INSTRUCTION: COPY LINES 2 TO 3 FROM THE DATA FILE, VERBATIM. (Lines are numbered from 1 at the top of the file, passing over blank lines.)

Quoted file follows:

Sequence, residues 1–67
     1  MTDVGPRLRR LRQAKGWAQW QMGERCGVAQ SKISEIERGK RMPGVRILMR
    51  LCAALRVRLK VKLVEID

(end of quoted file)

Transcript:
     1  MTDVGPRLRR LRQAKGWAQW QMGERCGVAQ SKISEIERGK RMPGVRILMR
    51  LCAALRVRLK VKLVEID